We’re surely nearing the last stop of the progressive train when we get to statements like this:
‘I don’t think parents reading their children bedtime stories should constantly have in their minds the way that they are unfairly disadvantaging other people’s children, but I think they should have that thought occasionally,’ quips [Australian Philosopher Adam] Swift.
Swift manages to find a moral loophole for bedtime stories, because they actually contribute to a relationship bond between adults and children that outweighs the unfair advantage thereby bequeathed to the next generation in that family. But advantages like “private schooling, inheritance and other predominantly economic ways of conferring advantage” simply can’t be justified, per the philosophy
It couldn’t be clearer that such philosophy is an indication of nothing so much as a mental illness. Swift and his partner in dementia Harry Brighouse draw a line in their “theory of familial goods” that is arbitrary and designed to prevent them from having to declare outright that bedtime stories are immoral. Providing for one’s children is a central source of meaning in people’s lives, and children’s knowledge that their parents are doing so contributes to a fundamental sense of security and lifelong respect and gratitude. It’s also mortar for strong marital relationships and community building. More basically, it’s a means of ensuring equality over generations, as families that stay motivated across generations can build on successes and overcome failures.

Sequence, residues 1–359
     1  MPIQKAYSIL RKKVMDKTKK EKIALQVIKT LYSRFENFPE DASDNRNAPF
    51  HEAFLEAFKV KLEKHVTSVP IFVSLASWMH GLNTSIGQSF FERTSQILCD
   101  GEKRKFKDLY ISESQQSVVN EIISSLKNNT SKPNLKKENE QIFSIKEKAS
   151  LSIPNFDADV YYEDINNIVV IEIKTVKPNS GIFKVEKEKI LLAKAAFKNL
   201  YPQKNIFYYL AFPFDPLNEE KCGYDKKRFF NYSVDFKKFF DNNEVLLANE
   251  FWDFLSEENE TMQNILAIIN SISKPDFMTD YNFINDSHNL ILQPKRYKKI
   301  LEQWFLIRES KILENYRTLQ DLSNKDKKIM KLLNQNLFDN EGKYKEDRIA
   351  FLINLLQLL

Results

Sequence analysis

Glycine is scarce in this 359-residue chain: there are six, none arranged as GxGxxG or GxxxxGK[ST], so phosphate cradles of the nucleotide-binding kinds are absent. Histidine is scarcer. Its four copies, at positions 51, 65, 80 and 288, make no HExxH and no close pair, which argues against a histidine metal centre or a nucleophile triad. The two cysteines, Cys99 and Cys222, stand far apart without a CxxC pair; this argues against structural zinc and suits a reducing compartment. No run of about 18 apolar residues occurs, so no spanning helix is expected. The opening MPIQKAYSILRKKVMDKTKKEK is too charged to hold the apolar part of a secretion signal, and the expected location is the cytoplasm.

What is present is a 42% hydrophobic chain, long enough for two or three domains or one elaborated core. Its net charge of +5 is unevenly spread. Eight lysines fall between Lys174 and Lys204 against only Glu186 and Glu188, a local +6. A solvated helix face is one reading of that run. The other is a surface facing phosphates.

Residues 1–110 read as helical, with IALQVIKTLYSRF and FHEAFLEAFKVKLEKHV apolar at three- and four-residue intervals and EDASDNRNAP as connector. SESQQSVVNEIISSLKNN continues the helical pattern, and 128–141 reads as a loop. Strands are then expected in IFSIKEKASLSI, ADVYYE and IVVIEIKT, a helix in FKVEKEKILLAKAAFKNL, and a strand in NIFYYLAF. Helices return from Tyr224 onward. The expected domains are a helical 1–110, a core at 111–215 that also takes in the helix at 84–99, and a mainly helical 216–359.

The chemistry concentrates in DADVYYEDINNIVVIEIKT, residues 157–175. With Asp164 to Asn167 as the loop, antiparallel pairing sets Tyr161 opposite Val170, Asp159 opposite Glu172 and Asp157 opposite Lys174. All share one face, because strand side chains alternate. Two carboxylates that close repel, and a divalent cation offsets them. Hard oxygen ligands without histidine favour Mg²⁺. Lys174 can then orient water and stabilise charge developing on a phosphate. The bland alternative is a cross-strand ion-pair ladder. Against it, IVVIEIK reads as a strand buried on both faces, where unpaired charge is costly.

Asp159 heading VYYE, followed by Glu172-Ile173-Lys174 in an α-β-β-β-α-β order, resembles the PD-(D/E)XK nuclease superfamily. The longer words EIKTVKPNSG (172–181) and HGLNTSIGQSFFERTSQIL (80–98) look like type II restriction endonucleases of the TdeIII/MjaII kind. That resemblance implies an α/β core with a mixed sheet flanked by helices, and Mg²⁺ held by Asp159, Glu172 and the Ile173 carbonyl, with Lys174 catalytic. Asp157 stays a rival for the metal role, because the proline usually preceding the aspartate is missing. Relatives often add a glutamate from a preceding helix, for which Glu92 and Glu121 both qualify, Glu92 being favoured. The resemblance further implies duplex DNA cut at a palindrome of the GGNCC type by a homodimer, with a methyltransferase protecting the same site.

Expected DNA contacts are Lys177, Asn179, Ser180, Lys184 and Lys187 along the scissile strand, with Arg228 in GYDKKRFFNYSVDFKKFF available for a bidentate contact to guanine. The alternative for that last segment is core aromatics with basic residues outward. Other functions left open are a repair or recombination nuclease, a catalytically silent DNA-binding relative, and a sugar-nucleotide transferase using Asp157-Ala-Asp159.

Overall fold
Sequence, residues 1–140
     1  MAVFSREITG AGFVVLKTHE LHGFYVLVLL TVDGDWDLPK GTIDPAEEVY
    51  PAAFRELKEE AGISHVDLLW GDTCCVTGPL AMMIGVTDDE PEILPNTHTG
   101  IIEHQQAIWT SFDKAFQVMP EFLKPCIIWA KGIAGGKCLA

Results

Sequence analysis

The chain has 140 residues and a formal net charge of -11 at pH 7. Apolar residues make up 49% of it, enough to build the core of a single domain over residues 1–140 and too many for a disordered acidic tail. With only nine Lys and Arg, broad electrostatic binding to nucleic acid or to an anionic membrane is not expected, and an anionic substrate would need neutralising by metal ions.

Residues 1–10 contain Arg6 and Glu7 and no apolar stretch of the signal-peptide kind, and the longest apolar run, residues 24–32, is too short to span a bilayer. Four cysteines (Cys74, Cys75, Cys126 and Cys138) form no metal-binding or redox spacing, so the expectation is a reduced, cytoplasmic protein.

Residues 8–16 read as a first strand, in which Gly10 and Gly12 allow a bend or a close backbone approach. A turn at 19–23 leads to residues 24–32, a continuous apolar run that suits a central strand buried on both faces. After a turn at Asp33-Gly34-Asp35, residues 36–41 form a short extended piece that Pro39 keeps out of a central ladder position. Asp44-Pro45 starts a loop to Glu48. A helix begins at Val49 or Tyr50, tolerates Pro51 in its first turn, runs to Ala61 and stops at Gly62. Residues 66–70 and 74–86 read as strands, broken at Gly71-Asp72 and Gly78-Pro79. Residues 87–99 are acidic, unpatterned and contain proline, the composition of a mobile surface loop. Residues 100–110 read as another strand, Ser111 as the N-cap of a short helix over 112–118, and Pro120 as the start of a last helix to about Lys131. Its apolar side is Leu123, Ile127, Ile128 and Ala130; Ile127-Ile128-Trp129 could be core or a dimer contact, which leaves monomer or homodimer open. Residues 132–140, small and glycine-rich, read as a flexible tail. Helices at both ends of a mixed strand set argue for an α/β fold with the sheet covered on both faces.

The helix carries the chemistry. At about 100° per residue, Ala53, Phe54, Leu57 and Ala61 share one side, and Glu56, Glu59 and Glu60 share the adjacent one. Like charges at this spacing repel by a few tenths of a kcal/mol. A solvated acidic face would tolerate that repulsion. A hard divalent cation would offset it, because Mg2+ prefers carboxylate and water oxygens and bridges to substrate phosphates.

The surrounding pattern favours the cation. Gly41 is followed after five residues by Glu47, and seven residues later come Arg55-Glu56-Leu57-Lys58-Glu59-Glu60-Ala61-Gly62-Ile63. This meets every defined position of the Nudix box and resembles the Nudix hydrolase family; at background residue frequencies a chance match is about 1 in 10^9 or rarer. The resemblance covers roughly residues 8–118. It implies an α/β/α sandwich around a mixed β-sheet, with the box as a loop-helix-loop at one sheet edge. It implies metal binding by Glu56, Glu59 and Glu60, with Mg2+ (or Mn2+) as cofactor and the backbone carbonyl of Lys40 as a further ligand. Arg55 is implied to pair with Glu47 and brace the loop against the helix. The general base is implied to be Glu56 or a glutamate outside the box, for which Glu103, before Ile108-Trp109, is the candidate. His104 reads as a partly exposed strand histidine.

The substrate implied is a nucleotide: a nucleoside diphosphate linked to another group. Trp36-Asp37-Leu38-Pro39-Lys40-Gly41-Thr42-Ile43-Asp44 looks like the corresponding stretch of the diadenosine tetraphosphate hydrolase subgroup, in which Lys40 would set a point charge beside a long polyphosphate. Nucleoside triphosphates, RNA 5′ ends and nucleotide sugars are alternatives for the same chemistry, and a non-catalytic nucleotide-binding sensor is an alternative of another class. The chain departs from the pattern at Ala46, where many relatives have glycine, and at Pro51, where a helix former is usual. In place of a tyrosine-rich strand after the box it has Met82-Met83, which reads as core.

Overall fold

Following Swift’s progressive line of thought, our society could advance no more than a sclerotic state could ensure universally and the least motivated families could maintain. Moreover, we can be sure, as history has repeatedly proven, that those with the most advantages will find justification to maintain and expand those advantages (even as the benefit to them erodes with the crumbling society).
Ultimately, what is there to say to such nonsense except: I will provide every advantage to my children that I can, and I will work to destroy any government that attempts to prevent me from doing so. I’m not personally inclined to accomplish that overthrow through violence, but I can’t say I’d be much inclined to restrain those who would be.